One of the best ways to get your feet wet, so to speak, when you're considering becoming a foster parent to a pet in need is to offer your services for a short-term commitment. It doesn't have to last for months; often, days or just a few weeks is all that's required. Vacation time is one big reason rescue organizations look for people willing to provide short-term fostering, as they need volunteers to fill in while their "regulars" are away.
Plus, there's more than feeding, petting and providing a bed for foster pets. Transportation to and from the veterinarian or to a new adoptive home or foster situation is also a need. Updating the rescue facility's website, cleaning, playing with the animals and helping with fundraising events may also be part of the program, depending on the size of the organization — you could simply offer a helping hand, which would be a big part of helping a rescue operation run more smoothly.
4. While fostering, be fair to your own pets
Even when you have pets of your own who require your love, time and attention, it's easy to get caught up in the needs of a new kitten or puppy. When your entire household becomes part of the solution, you may be surprised how easily everything fits together. But never stretch yourself so thin you can't take care of your main responsibility.
A good example comes from Thompson's situation, which includes her own three dogs and two adult cats. She's found that the older pets are a great environment for puppies under a year old because her dogs actually help. Thompson notes:
"In my home, puppies work well, as my dogs mother them and show them the ropes on how to be a good dog. Athena, Nola and Rue are very welcoming and love to play with their foster friends."3
In addition, once you find out the quirks and adorable foibles of your foster charges, as well as potential adopting families, you'll be able to better help place them with families looking for the perfect pup or kitten to take home.
5. Don't stress about how much it will cost
Rescue organizations often take the edge off the costs when homes open their doors to foster dogs and cats. Food, litter, toys and even veterinary care is often at least a part of what is offered if you open your door and heart to a pet in need. Sometimes rescue centers are struggling for support, just getting started or may be slammed with an influx of too many dogs and cats in need.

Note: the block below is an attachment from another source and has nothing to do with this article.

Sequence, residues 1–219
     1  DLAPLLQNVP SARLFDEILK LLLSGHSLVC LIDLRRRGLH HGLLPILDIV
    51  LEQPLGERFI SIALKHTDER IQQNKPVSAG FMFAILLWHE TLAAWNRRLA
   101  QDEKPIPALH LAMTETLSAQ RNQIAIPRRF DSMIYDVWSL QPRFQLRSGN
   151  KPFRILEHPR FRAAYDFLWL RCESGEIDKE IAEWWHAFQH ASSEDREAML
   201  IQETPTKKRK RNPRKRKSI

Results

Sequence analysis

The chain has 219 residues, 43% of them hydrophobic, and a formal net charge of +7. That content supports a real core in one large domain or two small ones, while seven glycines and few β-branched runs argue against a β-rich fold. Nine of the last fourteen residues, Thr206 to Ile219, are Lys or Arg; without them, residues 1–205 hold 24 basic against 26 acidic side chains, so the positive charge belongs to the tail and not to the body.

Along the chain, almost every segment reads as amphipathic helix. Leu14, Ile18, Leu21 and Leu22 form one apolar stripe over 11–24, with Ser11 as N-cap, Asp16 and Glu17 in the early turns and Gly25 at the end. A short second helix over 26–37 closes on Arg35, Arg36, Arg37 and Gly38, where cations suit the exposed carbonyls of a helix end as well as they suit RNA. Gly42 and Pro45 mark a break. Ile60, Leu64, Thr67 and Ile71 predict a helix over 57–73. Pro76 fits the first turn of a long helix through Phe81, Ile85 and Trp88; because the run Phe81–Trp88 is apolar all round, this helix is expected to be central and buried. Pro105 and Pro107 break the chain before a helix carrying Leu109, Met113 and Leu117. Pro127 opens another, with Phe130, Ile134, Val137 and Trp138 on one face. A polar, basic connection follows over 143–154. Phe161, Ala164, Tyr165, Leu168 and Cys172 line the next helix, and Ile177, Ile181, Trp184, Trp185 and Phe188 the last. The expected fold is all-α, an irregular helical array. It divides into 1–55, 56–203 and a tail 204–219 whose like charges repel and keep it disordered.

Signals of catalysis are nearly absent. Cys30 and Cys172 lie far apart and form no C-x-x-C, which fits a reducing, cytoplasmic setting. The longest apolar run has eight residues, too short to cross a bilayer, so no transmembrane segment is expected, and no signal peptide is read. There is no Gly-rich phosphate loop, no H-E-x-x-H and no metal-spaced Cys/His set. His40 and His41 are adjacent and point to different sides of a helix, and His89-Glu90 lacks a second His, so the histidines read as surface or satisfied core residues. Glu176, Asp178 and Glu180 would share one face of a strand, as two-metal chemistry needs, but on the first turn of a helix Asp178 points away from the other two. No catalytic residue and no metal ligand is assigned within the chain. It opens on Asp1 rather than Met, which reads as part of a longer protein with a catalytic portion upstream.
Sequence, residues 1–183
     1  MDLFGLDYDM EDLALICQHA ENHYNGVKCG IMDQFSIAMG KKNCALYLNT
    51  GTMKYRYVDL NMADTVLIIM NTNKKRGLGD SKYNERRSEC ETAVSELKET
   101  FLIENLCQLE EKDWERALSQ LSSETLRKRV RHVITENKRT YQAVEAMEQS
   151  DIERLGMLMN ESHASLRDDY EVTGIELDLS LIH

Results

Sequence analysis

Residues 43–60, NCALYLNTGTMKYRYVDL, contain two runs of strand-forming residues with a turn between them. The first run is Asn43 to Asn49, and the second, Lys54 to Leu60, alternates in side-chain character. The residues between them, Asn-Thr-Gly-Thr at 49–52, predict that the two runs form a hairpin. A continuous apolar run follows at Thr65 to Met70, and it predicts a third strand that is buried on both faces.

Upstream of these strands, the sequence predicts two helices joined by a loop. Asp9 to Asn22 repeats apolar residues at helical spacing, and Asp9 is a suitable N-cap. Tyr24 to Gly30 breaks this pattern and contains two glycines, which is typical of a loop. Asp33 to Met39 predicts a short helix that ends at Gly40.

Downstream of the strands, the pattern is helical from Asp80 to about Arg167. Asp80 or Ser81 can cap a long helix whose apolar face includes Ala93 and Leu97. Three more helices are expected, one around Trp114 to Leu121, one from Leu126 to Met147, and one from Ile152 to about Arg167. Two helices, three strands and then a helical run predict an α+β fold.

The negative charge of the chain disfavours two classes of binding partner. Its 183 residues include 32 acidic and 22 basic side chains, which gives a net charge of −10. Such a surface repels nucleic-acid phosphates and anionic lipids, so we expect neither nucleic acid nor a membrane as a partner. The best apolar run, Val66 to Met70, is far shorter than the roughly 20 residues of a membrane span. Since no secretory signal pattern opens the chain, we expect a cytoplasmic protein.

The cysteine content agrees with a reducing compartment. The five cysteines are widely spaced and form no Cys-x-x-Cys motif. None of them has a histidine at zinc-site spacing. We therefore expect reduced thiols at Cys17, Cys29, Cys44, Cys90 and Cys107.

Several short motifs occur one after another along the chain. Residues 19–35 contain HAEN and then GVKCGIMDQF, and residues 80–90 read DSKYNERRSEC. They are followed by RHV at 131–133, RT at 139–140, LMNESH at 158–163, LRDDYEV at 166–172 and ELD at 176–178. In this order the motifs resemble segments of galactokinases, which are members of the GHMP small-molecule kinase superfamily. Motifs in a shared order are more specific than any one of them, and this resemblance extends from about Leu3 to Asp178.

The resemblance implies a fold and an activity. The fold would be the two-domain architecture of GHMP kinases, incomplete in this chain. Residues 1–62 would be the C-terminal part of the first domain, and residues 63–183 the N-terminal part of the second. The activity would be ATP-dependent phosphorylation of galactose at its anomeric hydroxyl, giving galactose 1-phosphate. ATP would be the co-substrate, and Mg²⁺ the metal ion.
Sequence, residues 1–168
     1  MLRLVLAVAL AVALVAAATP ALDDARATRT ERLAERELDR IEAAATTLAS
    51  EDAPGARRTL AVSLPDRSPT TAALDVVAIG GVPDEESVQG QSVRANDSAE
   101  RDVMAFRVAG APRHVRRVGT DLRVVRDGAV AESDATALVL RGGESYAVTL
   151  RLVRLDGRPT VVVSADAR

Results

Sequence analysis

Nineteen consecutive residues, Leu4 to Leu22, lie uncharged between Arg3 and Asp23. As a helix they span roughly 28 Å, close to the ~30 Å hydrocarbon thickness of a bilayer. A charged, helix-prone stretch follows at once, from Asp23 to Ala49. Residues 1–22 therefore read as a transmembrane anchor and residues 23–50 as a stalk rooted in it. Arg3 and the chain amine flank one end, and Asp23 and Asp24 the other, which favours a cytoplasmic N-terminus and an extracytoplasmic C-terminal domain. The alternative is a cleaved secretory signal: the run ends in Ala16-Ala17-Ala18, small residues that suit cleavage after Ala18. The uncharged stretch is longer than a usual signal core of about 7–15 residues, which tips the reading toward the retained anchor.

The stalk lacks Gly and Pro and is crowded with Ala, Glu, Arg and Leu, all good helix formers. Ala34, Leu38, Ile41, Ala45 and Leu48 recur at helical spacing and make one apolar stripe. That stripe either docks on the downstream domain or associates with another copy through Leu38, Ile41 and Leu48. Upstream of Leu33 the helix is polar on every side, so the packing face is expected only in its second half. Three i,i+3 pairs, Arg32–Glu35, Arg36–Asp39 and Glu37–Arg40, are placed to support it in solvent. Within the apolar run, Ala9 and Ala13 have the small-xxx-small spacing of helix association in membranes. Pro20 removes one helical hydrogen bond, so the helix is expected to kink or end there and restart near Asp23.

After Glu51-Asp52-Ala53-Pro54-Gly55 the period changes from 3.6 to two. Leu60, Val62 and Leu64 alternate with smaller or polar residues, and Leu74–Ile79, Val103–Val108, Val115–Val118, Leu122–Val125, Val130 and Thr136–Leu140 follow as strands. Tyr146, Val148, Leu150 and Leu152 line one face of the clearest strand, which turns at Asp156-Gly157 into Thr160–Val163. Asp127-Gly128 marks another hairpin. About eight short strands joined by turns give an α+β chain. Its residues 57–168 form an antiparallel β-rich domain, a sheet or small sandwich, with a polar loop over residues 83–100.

Recent flooding, fires and other disasters are a good example of what can happen when devastating events bring in more homeless or lost animals than there are homes to take them in, even temporarily.
For that reason, there are items that foster parents may be asked to help with, such as crates and carriers, food and water bowls, collars, leashes, treats and other items that not only help the animals but takes the strain off the center financially. It's also one reason why donations to pet rescue operations are so necessary. Winkler adds:
"Homeowners who purchase items for their fosters can write them off as tax deductible donations to the rescue organization, which is a great way to put your donation dollars to work."4
6. Provide a foster home for needy pets as often as you want
Possibly the most often-asked question about fostering a puppy or kitty is "What if I never find a home for her?" Never fear, you're not the only one who will be putting out "feelers" to find a forever home for your adorable temporary pet. Besides the rescue group where you may have found your foster pet, you can get in on the action yourself through social media and even real-live social interaction.